HOOD COUNTY (CBS 11 NEWS) – There is no escaping the signs of the plummeting lake levels in Granbury.  Boat ramps are landlocked, islands and debris are appearing everywhere, and boat docks are high and dry.

Many boats in the area have been left dangling in harnesses, above rocks revealed by receding water. As it stands lake levels have dropped 11 feet below normal levels.

Everyone looking at businesses and homeowners on the lakefront are thinking the same thing. “People are spending a lot of money building their homes here and have to pay the taxes and they’re getting none of the benefits,” noticed Greg Heskill, who was in town visiting a Granbury resident.

(credit: CBSDFW.COM)

(credit: CBSDFW.COM)

“Its sickening!” exclaimed Bobbie Morin, who has lived in the city since the 1980’s.  “I’m glad I’m not on the lake so I don’t have to worry about a boat or anything.”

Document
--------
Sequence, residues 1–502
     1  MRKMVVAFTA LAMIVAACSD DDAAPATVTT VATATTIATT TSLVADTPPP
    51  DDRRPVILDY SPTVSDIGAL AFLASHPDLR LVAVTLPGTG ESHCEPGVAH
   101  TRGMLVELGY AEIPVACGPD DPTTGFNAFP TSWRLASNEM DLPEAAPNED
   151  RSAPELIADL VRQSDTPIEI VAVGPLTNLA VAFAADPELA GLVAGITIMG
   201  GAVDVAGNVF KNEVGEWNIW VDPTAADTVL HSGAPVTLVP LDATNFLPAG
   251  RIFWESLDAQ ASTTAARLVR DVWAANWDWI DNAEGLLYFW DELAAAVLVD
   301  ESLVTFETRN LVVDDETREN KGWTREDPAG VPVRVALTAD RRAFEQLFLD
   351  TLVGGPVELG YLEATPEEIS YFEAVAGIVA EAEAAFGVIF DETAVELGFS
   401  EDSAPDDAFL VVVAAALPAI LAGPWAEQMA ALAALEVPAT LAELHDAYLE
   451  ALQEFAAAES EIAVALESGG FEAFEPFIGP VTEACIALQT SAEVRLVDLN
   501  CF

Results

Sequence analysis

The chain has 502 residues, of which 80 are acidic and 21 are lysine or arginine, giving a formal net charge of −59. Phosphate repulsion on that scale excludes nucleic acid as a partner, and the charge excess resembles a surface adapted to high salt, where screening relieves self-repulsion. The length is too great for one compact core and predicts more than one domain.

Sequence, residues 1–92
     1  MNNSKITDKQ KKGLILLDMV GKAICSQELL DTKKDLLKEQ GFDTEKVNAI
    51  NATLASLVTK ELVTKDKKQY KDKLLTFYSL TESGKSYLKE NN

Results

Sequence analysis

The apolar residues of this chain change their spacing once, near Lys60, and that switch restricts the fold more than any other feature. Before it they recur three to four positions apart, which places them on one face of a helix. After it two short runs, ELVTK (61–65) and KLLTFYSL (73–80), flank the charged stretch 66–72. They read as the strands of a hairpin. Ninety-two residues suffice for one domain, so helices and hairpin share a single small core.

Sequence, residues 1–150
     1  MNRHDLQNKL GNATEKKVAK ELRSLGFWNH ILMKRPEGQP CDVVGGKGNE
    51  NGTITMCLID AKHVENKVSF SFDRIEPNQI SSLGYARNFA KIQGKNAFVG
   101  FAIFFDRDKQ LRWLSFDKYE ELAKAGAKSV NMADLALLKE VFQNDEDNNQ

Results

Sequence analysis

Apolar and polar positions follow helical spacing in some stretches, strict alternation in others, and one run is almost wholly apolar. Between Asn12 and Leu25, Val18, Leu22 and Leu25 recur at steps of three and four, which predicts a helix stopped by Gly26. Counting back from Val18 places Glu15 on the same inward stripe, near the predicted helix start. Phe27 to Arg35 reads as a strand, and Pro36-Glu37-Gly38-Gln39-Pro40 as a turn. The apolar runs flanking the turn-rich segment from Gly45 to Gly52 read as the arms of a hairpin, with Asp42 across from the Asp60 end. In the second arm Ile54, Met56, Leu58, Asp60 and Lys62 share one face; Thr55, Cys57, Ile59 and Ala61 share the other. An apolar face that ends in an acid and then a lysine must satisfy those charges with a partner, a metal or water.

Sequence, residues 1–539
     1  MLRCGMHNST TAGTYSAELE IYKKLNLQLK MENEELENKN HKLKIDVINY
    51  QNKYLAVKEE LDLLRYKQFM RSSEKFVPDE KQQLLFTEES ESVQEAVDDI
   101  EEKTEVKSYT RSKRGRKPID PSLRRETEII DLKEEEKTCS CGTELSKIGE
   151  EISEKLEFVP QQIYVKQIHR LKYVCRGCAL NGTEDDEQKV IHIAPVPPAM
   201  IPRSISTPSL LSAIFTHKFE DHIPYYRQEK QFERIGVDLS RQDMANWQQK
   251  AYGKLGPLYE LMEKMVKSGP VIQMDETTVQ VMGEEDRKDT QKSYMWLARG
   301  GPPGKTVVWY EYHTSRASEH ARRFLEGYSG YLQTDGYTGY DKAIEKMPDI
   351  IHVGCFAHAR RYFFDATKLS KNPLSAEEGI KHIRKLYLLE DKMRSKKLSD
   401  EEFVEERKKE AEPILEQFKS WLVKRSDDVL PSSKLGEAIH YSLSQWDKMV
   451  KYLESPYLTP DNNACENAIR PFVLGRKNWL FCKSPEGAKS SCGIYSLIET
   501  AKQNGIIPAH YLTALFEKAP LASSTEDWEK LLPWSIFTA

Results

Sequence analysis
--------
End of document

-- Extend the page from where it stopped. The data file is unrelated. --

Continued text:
Everyone agrees the drought conditions are possibly something for the history books.

“I’ve never seen it like this,” said lakefront homeowner Susanne Woods. “We moved here in 1977.  It was a beautiful lake. The water has been down a little, up a little but we always had water.”

Woods went from eight feet of water at her back door to 50 yards of lakebed.  Her pier is now a high-rise porch and she thinks property values have plummeted along with the water line.

“Maybe somebody wouldn’t want to buy here knowing, ‘Hey, when is the lake going to come back? When would I be able to use any of my boats?’ I think it would be affected if you try to sell.  Some of my neighbors have said that we’re not selling now because property values are down.”

(credit: CBSDFW.COM)

(credit: CBSDFW.COM)

County officials say they’ve seen a surge in the number of people protesting their property tax valuations. The actions increased as water levels dropped.

Business owners are not only complaining about property taxes, they’re also losing profits from boaters who in the past would dock and shop.

“That’s about a third of our business in the summer,” explained Cherlon Childress, who manages a restaurant on the waterfront. “Oh man, we’re going to need a miracle — probably about 12 feet! We’re going to need a flood.”

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